Gravity, which opens this week, is one of the year's most anticipated releases. But few of the millions who line up to see Sandra Bullock floating in space will know that the film has a companion, a seven-minute short that, according to critic Neil Young, is as powerful as its much-lauded, astronomically better-known, parent.
(Mild spoilers for Gravity follow.)
Towards the end of Gravity, Sandra Bullock's marooned astronaut makes radio contact with Earth, but rather than reaching Mission Control, she hears a strange voice speaking a language she doesn't understand. The only thing she manages to discern is that the man on the other end is named Aningaaq, and he has a baby and a dog.
Aningnaaq is also the name of the short film, which was directed by Jonas Cuaron, Gravity director Alfonso Cuaron's son and the movie's co-writer. The short plays back that conversation from the opposite perspective, which turns out to be that of an ice-fishing Inuit on the west coast of Greenland. It's a fascinating idea, not least because it reduces one of the world's biggest movie stars to a distant, crackling voice, playing second (or third or fourth) fiddle to actor Orto Ignatiussen.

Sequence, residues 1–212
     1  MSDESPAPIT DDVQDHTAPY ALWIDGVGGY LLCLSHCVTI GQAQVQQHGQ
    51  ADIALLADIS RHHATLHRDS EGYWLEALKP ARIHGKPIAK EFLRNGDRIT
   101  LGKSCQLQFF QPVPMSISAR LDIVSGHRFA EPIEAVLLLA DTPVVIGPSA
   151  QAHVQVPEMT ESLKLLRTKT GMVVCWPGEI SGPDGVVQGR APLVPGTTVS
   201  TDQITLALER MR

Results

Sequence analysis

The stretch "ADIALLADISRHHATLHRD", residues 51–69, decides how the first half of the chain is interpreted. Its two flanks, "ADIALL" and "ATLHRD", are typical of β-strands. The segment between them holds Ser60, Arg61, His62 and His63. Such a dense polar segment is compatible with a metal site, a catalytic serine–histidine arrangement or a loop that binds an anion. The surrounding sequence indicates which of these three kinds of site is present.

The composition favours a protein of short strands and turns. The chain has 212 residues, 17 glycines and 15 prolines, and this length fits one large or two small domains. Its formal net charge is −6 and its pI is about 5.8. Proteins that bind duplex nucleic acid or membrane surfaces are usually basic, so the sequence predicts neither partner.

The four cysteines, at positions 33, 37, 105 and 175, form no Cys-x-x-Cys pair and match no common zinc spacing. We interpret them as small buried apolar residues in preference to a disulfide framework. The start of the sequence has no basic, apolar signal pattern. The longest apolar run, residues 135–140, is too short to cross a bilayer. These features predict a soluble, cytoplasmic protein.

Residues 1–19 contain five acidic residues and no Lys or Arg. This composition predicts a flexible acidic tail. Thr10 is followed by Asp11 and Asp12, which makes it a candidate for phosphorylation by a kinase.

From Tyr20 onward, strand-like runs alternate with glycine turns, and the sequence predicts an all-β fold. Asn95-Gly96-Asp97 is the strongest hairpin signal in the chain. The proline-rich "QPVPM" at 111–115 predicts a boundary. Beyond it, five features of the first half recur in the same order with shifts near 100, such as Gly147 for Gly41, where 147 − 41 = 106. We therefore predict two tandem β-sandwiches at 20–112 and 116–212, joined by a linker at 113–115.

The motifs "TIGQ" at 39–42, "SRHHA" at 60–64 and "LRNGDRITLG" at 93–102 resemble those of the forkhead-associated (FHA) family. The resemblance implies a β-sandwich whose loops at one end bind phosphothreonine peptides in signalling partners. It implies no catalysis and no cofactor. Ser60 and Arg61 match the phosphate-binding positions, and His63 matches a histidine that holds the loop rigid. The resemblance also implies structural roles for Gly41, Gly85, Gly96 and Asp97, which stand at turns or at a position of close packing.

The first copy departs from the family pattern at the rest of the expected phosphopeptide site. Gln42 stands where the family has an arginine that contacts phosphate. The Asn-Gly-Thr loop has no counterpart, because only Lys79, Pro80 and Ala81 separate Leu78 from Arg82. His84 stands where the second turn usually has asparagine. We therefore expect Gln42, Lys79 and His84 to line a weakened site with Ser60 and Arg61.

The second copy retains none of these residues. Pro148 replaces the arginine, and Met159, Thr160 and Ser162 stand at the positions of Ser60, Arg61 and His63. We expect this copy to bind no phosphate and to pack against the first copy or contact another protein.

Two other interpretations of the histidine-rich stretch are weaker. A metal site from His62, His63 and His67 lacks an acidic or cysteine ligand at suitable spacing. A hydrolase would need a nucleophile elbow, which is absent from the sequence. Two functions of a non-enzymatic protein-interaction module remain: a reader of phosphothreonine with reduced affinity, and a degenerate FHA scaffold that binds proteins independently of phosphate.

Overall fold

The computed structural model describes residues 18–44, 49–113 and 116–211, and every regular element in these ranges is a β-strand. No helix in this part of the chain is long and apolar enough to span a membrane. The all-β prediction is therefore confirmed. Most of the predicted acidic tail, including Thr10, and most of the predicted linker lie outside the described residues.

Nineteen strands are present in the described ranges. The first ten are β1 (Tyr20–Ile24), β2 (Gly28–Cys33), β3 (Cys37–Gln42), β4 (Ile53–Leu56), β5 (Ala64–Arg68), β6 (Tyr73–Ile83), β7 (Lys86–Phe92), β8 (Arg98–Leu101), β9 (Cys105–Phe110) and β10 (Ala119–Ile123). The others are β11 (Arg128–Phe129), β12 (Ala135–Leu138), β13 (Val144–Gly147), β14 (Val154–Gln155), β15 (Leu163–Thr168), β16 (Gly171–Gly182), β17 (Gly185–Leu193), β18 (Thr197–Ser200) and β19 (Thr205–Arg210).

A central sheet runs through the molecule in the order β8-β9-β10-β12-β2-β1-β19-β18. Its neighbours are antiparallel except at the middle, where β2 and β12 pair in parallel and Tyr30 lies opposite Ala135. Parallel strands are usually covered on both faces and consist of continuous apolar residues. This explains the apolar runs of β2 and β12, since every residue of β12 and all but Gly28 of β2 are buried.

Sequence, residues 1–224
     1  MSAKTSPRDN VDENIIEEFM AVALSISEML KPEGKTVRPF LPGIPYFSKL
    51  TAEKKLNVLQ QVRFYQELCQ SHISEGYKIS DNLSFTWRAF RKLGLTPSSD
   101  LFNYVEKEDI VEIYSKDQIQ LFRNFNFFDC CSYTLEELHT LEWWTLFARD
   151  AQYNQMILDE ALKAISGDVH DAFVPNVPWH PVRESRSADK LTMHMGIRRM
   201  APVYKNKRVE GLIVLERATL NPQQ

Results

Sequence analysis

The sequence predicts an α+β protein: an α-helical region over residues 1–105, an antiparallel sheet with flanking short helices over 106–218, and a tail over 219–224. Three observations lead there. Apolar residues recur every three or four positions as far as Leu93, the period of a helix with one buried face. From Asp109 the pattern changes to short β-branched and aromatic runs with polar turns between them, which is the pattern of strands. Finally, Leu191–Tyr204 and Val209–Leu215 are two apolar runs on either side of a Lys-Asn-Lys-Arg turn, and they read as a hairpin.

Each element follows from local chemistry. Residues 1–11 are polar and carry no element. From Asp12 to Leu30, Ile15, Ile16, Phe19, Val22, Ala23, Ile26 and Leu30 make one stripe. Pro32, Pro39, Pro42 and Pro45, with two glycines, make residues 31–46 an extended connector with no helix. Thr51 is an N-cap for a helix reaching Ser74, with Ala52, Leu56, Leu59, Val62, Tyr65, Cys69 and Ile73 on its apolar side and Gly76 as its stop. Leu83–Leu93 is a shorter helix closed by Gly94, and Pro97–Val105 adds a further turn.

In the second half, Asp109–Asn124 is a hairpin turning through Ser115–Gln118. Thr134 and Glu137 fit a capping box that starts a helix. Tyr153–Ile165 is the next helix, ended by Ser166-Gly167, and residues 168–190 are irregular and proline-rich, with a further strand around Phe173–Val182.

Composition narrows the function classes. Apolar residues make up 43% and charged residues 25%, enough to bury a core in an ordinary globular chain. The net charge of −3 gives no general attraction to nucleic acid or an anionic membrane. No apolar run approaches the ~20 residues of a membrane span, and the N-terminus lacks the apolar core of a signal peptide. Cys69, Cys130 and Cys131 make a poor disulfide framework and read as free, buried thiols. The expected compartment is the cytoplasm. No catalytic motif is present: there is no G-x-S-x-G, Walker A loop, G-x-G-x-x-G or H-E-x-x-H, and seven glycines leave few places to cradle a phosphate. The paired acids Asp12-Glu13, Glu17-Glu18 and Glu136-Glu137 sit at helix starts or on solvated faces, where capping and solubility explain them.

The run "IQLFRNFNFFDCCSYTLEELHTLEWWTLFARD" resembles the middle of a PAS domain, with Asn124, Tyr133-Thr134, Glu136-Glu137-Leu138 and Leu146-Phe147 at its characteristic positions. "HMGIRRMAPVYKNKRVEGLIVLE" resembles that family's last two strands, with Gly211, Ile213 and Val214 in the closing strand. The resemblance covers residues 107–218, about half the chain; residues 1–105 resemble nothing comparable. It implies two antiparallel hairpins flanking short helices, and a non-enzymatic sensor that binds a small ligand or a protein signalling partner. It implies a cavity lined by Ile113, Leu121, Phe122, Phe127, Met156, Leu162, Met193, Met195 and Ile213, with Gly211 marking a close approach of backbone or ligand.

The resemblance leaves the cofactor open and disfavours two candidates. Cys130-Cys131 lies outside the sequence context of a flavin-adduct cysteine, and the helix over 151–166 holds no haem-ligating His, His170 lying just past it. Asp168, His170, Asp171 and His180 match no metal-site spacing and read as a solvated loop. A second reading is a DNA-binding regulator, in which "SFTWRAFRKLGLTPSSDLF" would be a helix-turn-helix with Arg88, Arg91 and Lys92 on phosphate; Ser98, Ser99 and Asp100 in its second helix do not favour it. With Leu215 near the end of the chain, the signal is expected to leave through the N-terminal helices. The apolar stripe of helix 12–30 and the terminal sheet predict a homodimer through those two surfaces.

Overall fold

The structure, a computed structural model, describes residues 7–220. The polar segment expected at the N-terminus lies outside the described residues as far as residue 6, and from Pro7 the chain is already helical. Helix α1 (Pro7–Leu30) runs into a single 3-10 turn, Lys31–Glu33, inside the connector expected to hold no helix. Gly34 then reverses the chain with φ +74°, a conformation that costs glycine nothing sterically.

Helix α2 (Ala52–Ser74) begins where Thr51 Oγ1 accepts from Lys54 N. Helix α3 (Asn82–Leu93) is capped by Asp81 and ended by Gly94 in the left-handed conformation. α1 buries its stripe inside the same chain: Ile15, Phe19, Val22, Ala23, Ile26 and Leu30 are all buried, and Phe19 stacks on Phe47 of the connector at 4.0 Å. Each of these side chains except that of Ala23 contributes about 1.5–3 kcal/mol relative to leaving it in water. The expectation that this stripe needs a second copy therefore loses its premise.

Young goes into great detail about Aningaaq, so it might be best to wait until after you've seen Gravity to read his piece in full. But he manages thoroughly outline its appeal while in no way lessening the desire to see it.
Aningaaq itself can also be seen as a kind of "satellite," a physically "minor" body or entity in a kind of orbit around the relatively ‘giant’ and thus planetary project that is Gravity -- though to automatically regard Jonas Cuaron's contribution to the Gravity/Aningaaq "gestalt" as a junior one would be a mistake.
For me, both were among the most significant and noteworthy titles I saw at Venice this year -- but while Gravity dazzled me, made me vertiginous and palm-sweatingly tense, it didn’t move me in the same way as Aningaaq. As the credits rolled, I found myself, to my considerable surprise, powerfully affected -- as the Irish would put it, I was "in bits," seeking a quiet refuge until my tears subsided.
Aningnaaq isn't being released with Gravity, and according to a studio representative, Warner Bros. has no plans to make it available online (although it did, inexplicably, screen in some theaters alongside We're the Millers), preferring to keep it on hold for a DVD extra. Young's impassioned piece isn't likely to change that, but it feels like the next best thing to seeing the short itself.